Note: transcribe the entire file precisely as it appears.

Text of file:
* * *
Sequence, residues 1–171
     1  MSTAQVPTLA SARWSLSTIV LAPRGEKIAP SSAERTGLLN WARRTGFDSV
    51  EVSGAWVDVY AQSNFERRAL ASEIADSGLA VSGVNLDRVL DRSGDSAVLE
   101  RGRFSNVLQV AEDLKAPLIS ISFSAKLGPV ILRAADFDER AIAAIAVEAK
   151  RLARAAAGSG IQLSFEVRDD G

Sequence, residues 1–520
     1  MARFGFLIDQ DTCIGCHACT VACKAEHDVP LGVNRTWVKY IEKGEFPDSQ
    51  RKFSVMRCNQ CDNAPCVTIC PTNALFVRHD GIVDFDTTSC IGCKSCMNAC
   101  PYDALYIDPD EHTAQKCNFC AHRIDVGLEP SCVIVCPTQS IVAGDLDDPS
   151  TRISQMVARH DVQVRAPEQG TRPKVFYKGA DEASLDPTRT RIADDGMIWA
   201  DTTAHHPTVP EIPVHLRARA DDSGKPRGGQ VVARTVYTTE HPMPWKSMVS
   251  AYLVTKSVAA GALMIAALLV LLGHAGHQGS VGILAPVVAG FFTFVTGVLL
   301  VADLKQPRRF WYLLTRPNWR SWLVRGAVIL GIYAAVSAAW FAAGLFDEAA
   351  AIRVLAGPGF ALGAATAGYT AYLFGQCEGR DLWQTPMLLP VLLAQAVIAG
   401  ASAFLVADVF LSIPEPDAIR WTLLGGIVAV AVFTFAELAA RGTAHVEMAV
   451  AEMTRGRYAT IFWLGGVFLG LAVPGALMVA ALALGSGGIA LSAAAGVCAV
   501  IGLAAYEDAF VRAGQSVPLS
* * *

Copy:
Sequence, residues 1–171
     1  MSTAQVPTLA SARWSLSTIV LAPRGEKIAP SSAERTGLLN WARRTGFDSV
    51  EVSGAWVDVY AQSNFERRAL ASEIADSGLA VSGVNLDRVL DRSGDSAVLE
   101  RGRFSNVLQV AEDLKAPLIS ISFSAKLGPV ILRAADFDER AIAAIAVEAK
   151  RLARAAAGSG IQLSFEVRDD G

Sequence, residues 1–520
     1  MARFGFLIDQ DTCIGCHACT VACKAEHDVP LGVNRTWVKY IEKGEFPDSQ
    51  RKFSVMRCNQ CDNAPCVTIC PTNALFVRHD GIVDFDTTSC IGCKSCMNAC
   101  PYDALYIDPD EHTAQKCNFC AHRIDVGLEP SCVIVCPTQS IVAGDLDDPS
   151  TRISQMVARH DVQVRAPEQG TRPKVFYKGA DEASLDPTRT RIADDGMIWA
   201  DTTAHHPTVP EIPVHLRARA DDSGKPRGGQ VVARTVYTTE HPMPWKSMVS
   251  AYLVTKSVAA GALMIAALLV LLGHAGHQGS VGILAPVVAG FFTFVTGVLL
   301  VADLKQPRRF WYLLTRPNWR SWLVRGAVIL GIYAAVSAAW FAAGLFDEAA
   351  AIRVLAGPGF ALGAATAGYT AYLFGQCEGR DLWQTPMLLP VLLAQAVIAG
   401  ASAFLVADVF LSIPEPDAIR WTLLGGIVAV AVFTFAELAA RGTAHVEMAV
   451  AEMTRGRYAT IFWLGGVFLG LAVPGALMVA ALALGSGGIA LSAAAGVCAV
   501  IGLAAYEDAF VRAGQSVPLS